Jake OdorizziThe Rays have now played more than 40% of the season and they remain in a massive funk, losing 17 of their last 27 games, a stretch that actually includes their best run of the season, winning nine out of 11 games at one point. But as the injuries pile up and the other players continue to under-perform, it is becoming more and more clear that this is not the Rays’ season and it is time to start trading pieces.

This is exactly what MLB insider Tim Kurkjian bluntly said during an appearance on Buster Olney’s “Baseball Tonight” podcast.

“They need to sell,” Kurkjian said. “In an honest moment, they have to say ‘We’re not going to win this division. We don’t score enough runs. And we have a surplus of pitching,’ which really, almost nobody else has … I think they have to do something because, again, they are the Tampa Bay Rays. The only way they ever get anything done is to make really smart moves and be real honest about things. This team just hasn’t gotten going yet and with the recent injuries with [Steve] Pearce and some others, with [Kevin] Kiermaier out this long, they should say, ‘We’ve gotta get better going forward.’ ”

The name that keeps getting whispered as a player other teams seem to be targeting is Jake Odorizzi.

“I actually think they’ve got some pieces that could interest other teams in a summer time in which there is very few starting pitchers available,” Olney said. “A guy like Jake Odorizzi would definitely get some interest from other clubs.”

As Kurkjian notes, “Odorizzi would really bring a lot,” in part because there just aren’t a lot of quality starting pitchers available right now or even this winter.

Sure enough, Odorizzi’s name is already being tossed around in trade rumors, starting with the Miami Marlins, via Jon Morosi.

However, just because the Marlins are interested doesn’t mean it is even feasible.

Barry Jackson of the Miami Herald confirmed Morosi’s report, but also makes it sound like a long-shot at best.

“The Marlins are looking for starting pitching help, and as Fox reported, one name they’ve discussed is Tampa’s Jake Odorizzi (3-3, 3.63). But the Marlins know they don’t have a lot of appealing assets to trade for a high-end pitcher.”

Three different publications, Baseball Prospectus, MiLB.com, and Minor League Ball, all have the Marlins’ farm system ranked as the second-worst in baseball.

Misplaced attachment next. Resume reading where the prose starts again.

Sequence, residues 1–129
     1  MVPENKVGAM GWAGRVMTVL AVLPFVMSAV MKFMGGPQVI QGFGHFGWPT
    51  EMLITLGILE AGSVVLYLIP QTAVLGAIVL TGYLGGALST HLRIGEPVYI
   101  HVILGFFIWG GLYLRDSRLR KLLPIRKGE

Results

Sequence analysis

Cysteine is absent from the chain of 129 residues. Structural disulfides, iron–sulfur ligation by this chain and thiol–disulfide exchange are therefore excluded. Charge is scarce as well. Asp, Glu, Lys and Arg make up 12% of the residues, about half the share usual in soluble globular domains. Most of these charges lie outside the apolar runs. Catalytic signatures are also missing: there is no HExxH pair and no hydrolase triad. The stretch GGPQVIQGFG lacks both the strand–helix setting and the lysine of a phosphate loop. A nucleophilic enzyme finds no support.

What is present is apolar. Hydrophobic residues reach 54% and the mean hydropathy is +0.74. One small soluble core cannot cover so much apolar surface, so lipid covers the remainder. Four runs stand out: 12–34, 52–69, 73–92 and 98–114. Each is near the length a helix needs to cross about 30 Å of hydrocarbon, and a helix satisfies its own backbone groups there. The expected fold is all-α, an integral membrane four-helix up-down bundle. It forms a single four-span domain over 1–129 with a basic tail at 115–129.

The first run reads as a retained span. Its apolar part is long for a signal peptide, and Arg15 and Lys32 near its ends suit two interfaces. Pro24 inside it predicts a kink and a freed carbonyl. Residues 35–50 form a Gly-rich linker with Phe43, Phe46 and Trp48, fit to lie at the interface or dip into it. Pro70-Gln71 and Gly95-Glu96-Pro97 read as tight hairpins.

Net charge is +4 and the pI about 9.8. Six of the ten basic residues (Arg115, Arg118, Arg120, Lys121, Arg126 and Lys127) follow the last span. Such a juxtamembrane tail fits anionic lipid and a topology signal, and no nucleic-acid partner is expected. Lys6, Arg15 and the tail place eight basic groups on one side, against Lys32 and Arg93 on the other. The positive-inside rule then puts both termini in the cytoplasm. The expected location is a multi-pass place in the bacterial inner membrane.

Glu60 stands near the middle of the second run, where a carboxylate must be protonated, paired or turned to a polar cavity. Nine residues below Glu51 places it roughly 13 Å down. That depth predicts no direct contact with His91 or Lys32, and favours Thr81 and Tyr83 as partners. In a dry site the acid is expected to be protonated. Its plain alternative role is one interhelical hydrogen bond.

While the Rays may prefer to move a pitcher like Matt Moore, who is owed $26 million over the next three seasons in a series of team options, Odorizzi is probably more attractive for other teams as he will only be hitting his first year of arbitration eligibility next season, will likely make a lot less over the next three years and has fewer questions about his potential and upside.



  1. Matt says:

    Barring a team offers a crazy trade proposal, I'd rather them just keep Odo, then try and play the "will this prospect pan out game." At least they'd be able to bank on him being a solid mid-rotation starter for the next few years. He isn't free agent eligible until 2020. Not a lot of teams will be clamoring for Moore anytime soon unless he shows some real consistency. I think the most realistic trade piece from the rotation is Cobb, if he's able to pitch halfway decent when he comes back. He's free agent eligible in 2018, so it's not like he has a lot of control left. With the weak free agent market this offseason, they can flip him for a decent prospect or two.

  2. Ken H says:

    “In an honest moment, they have to say ‘We’re not going to win this division. We don’t score enough runs. And we have a surplus of pitching,’ which really, almost nobody else has … I think they have to do something because, again, they are the Tampa Bay Rays. The only way they ever get anything done is to make really smart moves and be real honest about things."
    What a Joke! When have the Rays ever been honest about anything? They continually lie to the fans, the press and each other. Sternberg continually cries that they don't have the resources to field a competitive team. Why, the attendance is down he says. The stadium sucks he says. No local corporate support he says. No support from local government he says. Bulls*^t I say. His partnership makes money every year despite fielding low budget, flawed teams.